I would try buying some fresh seed from a different source or company. Really, it would be small, but if you planted now, it should be large enough to use in pickles in about 4 weeks.

    Bookmark   June 18, 2012 at 2:45PM
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I had dill for many years, in fact it reseeded into the strawberry bed. I let some grow to use in dips etc. and found out that dill and strawberries are not good neighbors. For some reason, the strawberry plants that were situated near dill plants grew almost no berries, while the rest of the strawberries in the bed had fruit as usual.

Needless to say, from then on I kept the 2 crops separated!

    Bookmark   June 18, 2012 at 2:55PM
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natal(Louisiana 8b)

Steve, are you covering the seed with soil? That could be the problem.

    Bookmark   June 18, 2012 at 7:01PM
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I direct-sow dill in spring, but start seeds indoors this time of year. The seedlings are pretty easy to transplant, using shade covers to protect them from sun. I always make at least two plantings of dill, sometimes three. Keep trying!

    Bookmark   June 19, 2012 at 7:40AM
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greginnd(Z4 ND)

Well, let's just say I planted it once in my garden and every year since then I am pulling it out as weeds. I leave a few to grow each season. The garden gets tilled and the seeds survive my zone 4 winter. They germinate when the soil warms up in the spring.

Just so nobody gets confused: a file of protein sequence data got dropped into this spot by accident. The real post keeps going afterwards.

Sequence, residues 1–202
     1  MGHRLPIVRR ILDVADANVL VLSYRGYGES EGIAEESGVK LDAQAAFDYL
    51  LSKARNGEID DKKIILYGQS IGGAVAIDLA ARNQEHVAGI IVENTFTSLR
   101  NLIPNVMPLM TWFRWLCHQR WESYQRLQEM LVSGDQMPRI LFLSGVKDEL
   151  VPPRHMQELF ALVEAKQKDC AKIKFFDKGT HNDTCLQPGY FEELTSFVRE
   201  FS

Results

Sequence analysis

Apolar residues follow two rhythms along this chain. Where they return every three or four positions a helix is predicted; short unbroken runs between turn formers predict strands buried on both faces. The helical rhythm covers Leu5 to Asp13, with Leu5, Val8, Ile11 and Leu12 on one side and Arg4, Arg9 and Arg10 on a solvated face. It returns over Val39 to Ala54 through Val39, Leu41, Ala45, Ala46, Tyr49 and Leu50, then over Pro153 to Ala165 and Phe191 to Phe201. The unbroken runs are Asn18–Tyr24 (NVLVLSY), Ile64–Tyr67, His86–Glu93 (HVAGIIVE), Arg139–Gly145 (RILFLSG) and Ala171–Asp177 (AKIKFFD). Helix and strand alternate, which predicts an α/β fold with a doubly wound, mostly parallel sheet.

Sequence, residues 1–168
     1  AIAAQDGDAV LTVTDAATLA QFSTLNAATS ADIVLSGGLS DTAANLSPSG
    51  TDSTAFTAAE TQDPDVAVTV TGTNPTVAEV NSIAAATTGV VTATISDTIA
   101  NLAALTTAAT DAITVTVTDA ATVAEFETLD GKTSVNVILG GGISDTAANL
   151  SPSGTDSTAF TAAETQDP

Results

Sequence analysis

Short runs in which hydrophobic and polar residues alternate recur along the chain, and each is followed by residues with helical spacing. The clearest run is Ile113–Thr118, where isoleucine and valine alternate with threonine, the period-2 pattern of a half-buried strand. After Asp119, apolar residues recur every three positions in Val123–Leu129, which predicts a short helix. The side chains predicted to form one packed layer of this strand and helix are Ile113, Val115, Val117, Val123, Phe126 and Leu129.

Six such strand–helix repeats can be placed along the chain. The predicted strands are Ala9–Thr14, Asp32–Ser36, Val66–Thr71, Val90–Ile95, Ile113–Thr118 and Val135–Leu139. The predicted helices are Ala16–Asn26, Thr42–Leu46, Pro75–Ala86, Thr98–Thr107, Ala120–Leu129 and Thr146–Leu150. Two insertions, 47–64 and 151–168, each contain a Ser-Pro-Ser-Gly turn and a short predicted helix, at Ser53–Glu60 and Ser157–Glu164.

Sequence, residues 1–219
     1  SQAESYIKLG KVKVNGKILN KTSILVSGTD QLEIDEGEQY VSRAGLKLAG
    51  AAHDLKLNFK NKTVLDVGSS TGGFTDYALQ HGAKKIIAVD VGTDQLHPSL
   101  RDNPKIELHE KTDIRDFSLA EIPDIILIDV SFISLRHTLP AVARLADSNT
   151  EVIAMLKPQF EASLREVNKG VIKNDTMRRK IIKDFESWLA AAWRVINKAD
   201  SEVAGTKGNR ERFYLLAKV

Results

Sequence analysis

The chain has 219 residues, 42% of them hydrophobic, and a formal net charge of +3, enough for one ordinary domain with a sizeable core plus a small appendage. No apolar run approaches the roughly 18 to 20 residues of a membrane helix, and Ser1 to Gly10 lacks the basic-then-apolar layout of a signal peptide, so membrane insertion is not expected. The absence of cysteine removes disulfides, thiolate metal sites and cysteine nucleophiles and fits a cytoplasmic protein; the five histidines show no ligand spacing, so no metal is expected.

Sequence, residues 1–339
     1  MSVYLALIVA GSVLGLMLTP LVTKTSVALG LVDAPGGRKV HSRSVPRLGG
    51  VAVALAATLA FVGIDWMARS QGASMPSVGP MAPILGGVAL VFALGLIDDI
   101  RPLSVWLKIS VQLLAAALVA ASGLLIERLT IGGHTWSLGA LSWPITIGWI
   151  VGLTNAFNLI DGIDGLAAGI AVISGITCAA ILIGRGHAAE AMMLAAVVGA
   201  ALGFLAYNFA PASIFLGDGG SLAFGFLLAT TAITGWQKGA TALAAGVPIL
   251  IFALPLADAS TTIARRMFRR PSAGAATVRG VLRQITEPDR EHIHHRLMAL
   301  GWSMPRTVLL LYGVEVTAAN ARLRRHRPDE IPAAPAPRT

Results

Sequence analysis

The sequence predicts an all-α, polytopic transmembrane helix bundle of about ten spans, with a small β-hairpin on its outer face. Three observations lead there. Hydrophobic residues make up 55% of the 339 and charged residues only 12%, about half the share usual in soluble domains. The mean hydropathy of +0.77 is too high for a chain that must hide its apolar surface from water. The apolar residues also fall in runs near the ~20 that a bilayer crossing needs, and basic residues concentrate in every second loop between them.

Bookmark   June 19, 2012 at 11:22AM
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Thanks everyone for the input.

I am trying to establish a self-seeding colony like I had at the other house. I have covered the seed shallowly, and just left it on the surface of the soil, nothing either way. In the old garden it self sowed, I covered with several inches of chopped leaves in Fall and it came up on it's own in the spring.

We have been having an unusually hot and dry year so far here in SC WI, so I'm thinking it may be a commbination of factors, not the least of which is uneven moisture. I have been watering dillegently for the past few days and just last night noticed a few green shoots coming up. I am going to take the last of my seed and plant in cell packs and germinate in the cool basement under lights, see what happens and then transplant.